Left side: Scanning electron microscope image of Fe carbonate produced in experiments with Shewanella putrefaciens strain CN32. Right side: Scanning electron microscope image of solid products produced by dissimilatory reduction of hydrous ferric oxide by Geobacter sulfurreducens.

Our objectives in Investigation 2 are to:

  • Determine the influence of microbial catalysis on the extent and rates of pyrite oxidation and attendant isotopic fractionations of O, S, and Fe, including comparison of abiotic and biologic systems, as well as the influence of O2 and Fe3+ as the oxidant;
  • Study the equilibrium and kinetic O, S, Ca, Mg, and Fe isotope fractionations among the major sulfate mineral groups as possible proxies for fluid sources, formation pathways, and paleoenvironmental conditions such as humidity and temperature, as well as the degree to which isotopic and chemical compositions are retained during post-formation diagenesis;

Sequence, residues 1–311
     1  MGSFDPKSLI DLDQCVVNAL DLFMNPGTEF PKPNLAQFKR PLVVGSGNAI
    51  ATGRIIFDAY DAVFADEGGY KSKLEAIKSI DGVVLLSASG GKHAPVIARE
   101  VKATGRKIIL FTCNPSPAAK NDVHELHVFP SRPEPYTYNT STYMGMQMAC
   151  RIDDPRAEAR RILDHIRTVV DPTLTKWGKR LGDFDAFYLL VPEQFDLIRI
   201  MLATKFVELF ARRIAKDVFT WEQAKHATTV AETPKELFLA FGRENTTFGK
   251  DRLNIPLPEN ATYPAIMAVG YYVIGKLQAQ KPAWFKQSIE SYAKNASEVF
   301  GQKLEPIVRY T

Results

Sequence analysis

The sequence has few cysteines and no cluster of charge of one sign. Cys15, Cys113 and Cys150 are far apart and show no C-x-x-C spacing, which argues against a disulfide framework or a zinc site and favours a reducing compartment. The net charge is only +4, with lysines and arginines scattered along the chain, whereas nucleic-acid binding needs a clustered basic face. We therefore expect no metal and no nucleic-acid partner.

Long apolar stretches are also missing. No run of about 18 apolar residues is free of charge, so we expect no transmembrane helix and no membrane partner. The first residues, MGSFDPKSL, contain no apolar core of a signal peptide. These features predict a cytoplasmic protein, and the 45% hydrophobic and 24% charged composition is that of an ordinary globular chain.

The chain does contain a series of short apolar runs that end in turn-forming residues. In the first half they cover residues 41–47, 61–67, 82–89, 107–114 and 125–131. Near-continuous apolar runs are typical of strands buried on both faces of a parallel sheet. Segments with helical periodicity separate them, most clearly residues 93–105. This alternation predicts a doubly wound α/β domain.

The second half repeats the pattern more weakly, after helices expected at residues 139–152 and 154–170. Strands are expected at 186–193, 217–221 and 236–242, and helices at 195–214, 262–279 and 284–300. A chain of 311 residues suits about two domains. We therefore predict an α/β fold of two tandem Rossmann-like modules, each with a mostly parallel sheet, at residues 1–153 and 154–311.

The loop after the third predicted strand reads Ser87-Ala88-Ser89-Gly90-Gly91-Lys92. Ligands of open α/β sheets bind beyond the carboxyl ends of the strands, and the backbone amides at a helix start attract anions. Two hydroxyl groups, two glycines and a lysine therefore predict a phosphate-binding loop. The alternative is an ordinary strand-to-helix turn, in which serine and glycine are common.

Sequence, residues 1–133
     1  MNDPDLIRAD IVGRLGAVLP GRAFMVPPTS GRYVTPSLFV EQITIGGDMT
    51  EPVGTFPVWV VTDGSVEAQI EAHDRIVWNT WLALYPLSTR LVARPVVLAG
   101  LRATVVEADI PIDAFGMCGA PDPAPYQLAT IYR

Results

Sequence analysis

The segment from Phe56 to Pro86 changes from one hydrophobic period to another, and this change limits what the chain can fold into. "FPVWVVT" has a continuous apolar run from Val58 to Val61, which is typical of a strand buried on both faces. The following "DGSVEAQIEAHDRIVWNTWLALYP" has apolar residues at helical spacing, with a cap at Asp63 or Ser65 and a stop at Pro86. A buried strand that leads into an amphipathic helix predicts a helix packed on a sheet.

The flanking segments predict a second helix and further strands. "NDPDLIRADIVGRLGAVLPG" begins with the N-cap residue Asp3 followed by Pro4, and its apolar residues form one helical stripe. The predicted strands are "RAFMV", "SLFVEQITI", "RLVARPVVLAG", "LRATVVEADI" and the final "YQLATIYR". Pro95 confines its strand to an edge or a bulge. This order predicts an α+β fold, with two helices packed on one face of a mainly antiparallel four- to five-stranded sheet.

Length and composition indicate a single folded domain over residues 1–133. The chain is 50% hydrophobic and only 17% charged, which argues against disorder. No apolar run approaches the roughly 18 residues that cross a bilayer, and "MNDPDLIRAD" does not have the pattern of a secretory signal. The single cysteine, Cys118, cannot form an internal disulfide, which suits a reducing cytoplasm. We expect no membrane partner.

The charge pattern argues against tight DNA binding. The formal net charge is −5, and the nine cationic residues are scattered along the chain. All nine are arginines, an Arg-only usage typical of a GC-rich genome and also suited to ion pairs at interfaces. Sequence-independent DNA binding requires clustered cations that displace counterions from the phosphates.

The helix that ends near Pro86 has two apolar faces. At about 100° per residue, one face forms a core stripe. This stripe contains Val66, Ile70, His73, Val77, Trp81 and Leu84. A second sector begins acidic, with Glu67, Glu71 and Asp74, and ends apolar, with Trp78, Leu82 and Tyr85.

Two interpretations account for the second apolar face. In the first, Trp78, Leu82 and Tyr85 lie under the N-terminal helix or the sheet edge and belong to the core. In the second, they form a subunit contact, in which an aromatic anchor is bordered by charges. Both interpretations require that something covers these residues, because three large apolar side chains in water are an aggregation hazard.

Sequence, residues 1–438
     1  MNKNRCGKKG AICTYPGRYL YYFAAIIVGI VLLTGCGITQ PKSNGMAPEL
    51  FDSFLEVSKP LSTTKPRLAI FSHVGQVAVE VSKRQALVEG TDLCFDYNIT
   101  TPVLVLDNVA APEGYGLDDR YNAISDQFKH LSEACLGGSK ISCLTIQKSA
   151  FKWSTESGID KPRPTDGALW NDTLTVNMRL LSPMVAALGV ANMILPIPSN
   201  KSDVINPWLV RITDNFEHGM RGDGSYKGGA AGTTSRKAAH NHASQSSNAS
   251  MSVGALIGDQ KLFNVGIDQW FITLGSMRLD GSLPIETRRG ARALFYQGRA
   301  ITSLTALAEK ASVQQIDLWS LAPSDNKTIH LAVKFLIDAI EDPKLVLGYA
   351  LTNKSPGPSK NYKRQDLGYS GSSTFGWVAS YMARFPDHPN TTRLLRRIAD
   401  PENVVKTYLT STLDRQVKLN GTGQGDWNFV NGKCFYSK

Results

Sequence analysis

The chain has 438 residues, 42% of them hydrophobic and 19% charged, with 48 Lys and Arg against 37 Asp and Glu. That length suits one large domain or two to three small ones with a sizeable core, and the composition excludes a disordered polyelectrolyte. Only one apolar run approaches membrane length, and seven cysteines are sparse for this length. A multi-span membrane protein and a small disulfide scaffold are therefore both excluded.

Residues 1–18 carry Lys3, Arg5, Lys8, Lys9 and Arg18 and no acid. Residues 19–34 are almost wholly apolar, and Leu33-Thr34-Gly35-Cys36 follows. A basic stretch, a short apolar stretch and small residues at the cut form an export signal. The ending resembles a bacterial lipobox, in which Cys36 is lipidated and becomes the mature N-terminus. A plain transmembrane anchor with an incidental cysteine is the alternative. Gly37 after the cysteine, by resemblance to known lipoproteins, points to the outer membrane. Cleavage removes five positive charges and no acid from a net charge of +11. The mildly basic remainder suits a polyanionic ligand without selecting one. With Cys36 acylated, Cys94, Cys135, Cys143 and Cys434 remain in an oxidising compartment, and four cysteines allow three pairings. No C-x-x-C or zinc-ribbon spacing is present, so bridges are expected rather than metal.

• Investigate the mechanisms by which significant Ca-substitution occurs in Fe-Mg carbonates, which is not predicted by equilibrium thermodynamics but which appear to form during biologically-mediated carbonate precipitation;
  • Study Ca, Mg, Fe, C, and O isotope fractionations in the CaCO3-MgCO3-FeCO3 system, with particular emphasis on compositions produced under biotic vs. abiotic conditions;
  • Determine the O and Fe isotope fractionations that occur during abiologic oxidation of Fe2+, under equilibrium and kinetic conditions;
  • Investigate the mineralogical and isotopic composition of Fe sulfate and oxide minerals formed during low-pH Fe2+ oxidation as a model for reactive groundwater systems on Mars.